In the summer of 1940 the British Isles stood isolated and alone facing the might of a seemingly unstoppable German war machine. Never before had the United Kingdom been in a state of such uncertainty and possible peril. Fortunately the English Channel held back Hitler’s armies, and his ambition. Not so for the Channel Islands which stand just a few miles from the French coast.
To abandon British territory to the enemy seemed unthinkable, yet the defence of the Channel Islands was impracticable, if not impossible. It was decided, therefore, to evacuate as many as wished to leave.
This is the story of the muddled evacuation, of homes, animals and families left behind, of the German bombing of the islands, the fear of those left behind, and of the first days of German Occupation, told by the Islanders themselves through memoirs and letters, the local newspapers, and the politicians who decided the fate of tens of thousands of men, women, and children.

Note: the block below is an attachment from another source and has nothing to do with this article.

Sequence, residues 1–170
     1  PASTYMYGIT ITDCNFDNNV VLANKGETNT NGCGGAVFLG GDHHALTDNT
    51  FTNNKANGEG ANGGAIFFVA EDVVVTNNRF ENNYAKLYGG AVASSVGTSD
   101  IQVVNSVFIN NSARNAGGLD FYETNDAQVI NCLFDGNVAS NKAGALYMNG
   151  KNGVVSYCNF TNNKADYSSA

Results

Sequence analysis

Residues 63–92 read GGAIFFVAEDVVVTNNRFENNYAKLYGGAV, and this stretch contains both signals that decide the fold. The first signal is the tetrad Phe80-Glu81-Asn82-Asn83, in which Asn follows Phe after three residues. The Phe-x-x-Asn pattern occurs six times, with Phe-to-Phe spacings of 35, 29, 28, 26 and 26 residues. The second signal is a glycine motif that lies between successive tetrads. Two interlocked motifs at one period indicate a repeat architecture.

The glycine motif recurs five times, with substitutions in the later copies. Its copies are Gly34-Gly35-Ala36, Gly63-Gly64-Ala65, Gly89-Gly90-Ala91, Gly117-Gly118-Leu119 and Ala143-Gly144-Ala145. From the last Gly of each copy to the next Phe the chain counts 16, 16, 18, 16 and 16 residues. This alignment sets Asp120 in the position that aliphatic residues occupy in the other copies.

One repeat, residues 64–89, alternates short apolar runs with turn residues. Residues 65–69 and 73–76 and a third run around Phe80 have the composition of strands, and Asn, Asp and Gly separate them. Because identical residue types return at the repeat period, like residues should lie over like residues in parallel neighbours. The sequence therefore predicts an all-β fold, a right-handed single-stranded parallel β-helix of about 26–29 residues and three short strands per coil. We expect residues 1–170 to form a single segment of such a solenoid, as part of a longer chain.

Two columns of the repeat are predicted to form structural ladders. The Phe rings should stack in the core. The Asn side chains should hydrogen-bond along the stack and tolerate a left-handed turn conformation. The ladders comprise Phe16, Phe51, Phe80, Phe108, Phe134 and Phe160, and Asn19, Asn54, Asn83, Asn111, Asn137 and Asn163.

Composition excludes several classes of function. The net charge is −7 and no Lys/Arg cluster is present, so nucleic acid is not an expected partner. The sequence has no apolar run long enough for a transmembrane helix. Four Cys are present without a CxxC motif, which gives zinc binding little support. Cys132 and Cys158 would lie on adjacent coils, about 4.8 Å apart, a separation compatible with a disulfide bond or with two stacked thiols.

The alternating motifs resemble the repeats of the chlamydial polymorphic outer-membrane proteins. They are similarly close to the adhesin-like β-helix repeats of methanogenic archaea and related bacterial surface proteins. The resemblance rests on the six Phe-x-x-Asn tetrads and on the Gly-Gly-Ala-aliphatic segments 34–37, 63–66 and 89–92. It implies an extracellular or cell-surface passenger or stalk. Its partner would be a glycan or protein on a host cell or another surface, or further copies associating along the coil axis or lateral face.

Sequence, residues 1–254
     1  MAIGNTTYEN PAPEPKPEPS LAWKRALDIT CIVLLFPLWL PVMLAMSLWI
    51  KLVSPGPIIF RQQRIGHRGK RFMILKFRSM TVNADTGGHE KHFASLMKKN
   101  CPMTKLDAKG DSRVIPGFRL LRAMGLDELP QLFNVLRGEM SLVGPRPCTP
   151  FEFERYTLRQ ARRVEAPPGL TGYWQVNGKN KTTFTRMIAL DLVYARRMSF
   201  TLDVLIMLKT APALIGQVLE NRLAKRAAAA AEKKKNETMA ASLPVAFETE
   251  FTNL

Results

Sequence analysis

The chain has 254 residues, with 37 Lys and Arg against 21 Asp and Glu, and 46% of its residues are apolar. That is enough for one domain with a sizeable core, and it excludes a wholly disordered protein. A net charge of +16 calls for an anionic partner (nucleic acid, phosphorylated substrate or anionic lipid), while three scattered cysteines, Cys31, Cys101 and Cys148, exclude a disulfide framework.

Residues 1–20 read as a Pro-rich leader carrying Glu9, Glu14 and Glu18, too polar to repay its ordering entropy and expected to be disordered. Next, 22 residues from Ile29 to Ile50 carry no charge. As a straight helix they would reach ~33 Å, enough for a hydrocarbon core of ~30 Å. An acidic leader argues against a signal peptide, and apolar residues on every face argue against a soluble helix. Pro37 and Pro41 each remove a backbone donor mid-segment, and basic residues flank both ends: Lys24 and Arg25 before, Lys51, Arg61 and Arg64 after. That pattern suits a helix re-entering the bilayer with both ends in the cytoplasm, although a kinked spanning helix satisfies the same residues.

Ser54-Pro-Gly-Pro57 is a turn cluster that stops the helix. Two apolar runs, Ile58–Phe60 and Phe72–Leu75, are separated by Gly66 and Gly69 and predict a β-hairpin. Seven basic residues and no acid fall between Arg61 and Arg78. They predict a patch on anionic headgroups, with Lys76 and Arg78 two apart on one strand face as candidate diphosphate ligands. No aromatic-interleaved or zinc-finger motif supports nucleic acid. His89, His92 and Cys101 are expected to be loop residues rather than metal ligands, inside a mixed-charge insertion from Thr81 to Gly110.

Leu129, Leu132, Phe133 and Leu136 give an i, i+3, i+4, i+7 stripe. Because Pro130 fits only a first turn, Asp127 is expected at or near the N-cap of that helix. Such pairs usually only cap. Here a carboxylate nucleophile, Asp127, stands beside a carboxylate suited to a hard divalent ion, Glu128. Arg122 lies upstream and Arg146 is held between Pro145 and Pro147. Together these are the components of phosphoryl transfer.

CHANNEL ISLANDS INVADED The German Attack on the British Isles in 1940 told thorough Eyewitness Accounts, Newspaper Reports, Parliamentary Debates, Memoirs and Diaries
The story of the first days of the German occupation of the Channel Islands in the Second World War. It is told through the memoirs, letters and newspapers of the islanders themselves, and records the terror, fear, hopes and stoic endurance of those who faced an uncertain and menacing future.
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